The 1980s game Scruples took disclosure to extremes, calling upon players to reveal their moral compass in response to various moral dilemmas – and is probably up there amongst the most friendship-breaking games of all time.

Scruples is available on Amazon (if you dare)

While party games which are actually designed to cause disagreements might be seen as somewhat unpleasant, some games recognise that the immersion that some from play (as opposed to less interactive forms of entertainment like films or TV) can be potentially damaging to social bonds.  Fog of Love comes with a specific warning that players should be very wary of confusing their in-game relationship, with their own real-life relationship.

Fog of Love is available on Amazon

Emergent behaviours and game characteristics

What is most interesting to me from a games for learning perspective, is the kinds of gameplay and behaviours that emerge from ‘social’ mechanics. Some of these are clearly designed for, and form part of the ‘official’ gameplay.

However, perhaps inevitably when people themselves become playing pieces, or like in some Traitor Games, or ‘Disclosure’ games, you are playing with people’s values and sense of fairness, there is some blurring of the line between one’s ‘in-game’ and ‘real-life’ persona. The Magic Circle becomes very permeable indeed. This can be a desirable outcome, if you are using the game to facilitate deep reflections in the affective domain of learning, but it should be approached with caution.

Furthermore, many less desirable modes of play can emerge, leaving players feeling vulnerable and unhappy. Some player experiences / behaviours are discussed below:


Some games (cooperative or semi-cooperative) feature ‘official’ alliances, while many others lend themselves to players making unofficial pacts to help one another, to either further their own ends or to ‘bring down’ another player. Sometimes such alliances ‘bend the rules’ – sharing information or resources that the rules do not strictly allow. While alliances can provide valuable learning about working as a team, negative outcomes can be that such alliances impact the perception of ‘fairness’ in a game , or even make some players feel ‘ganged up’ on.

Cards Against Humanity
Image by Denise Jans on Unsplash


Most games include an element of preventing progress by other players, alongside trying to advance one’s own. Games with lots of opportunities for targeting other players will tend to lead to politicking. If in addition to ‘targetting’ mechanics (voting and judging mechanics as seen in Secret Hitler or Cards Against Humanity respectively, are good examples), the game includes social mechanics which influences one’s feeling towards another player (disclosure, social manipulation etc.), we have a recipe for policticking behaviour.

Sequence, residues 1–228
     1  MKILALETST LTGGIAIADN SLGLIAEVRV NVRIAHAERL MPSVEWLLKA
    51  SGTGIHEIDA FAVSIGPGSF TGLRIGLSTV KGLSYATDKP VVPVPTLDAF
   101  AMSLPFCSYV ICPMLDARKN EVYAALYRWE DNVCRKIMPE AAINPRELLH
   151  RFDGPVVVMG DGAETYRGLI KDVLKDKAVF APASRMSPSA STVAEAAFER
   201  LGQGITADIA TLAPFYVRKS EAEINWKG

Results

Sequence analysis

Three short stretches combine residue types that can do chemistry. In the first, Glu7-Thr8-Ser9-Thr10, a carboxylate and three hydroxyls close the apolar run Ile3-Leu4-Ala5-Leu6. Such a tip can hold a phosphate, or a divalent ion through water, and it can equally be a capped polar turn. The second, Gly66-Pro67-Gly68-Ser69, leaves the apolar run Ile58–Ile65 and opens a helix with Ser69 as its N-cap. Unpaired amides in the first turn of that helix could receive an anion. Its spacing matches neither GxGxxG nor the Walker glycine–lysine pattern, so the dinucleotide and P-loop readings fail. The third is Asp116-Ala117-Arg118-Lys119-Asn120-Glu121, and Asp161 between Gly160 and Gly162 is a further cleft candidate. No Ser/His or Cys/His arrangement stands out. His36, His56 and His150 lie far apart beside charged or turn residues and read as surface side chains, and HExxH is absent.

Such behaviour might include lying in wait, appealing directly to players to behave in certain ways, setting players against each other with a view to mopping up the spoils later, threatening and so on.

Revenge, Kingmaking and other options

An extreme outcome would be to adjust one’s stategy with a view to hurting the play of one person (maybe even at the cost of your own position), maybe because they hurt you previously, or because you don’t like what they have revealed in the game.

Making use of relative positions in play is a common form of politicking – both turn order or current position in terms of closeness to winning.  For example, if an alliance has opted to target a player, but you are not the last player before the targetted player to take a turn, you can force a following player to take an action while reducing the obligation /cost to yourself.

Offering the king a crown
Image by Jeremy Bezanger from Unsplash

When one’s own position in a game is such that you cannot win, some players opt for Kingmaking as an alternative. Perhaps this reflects the human need to feel in control of a situation. If I cannot win myself, I can at least impose my decision of who should win instead.

Offering ‘out-of game’ inducements for ‘in-game’ favours can be used in the absence of appropriate ‘in-game’ leverage. I have seen fetching drinks and food, or even the threat of withdrawing a promised lift home, all effectively used to manipulate a fellow player into making a certain play.

While much of the above may seem unpleasant, they are all very ‘human’ behaviours, which happen in real life, so with the caveat that no-one should ever leave a play session feeling genuinely hurt, it is definitely worth thinking about how social mechanics for both ‘positive’ and ‘negative’ behaviours can be effectively used (or allowed, or disallowed) in learning settings.

Editor at Ludogogy
Sarah Le-Fevre is a games-based learning professional who specialises in organisational learning around systemic ‘wicked problems’, and helping businesses spot and exploit opportunities for ethical ‘for good’ innovation. She works with tools such as Lego® Serious Play® and the Octalysis gamification framework to create compelling immersive learning experiences. She is currently writing a book outlining a systems practice approach to delivering impactful learning within organisations.

A real board games nerd, she is considering having her floors reinforced to support the ever increasing weight of the boxes. When she is not designing or facilitating learning games she is the editor of Ludogogy Magazine. Sarah lives in Oxfordshire with her husband, younger daughter, and a beautiful (but very loud) Bengal cat.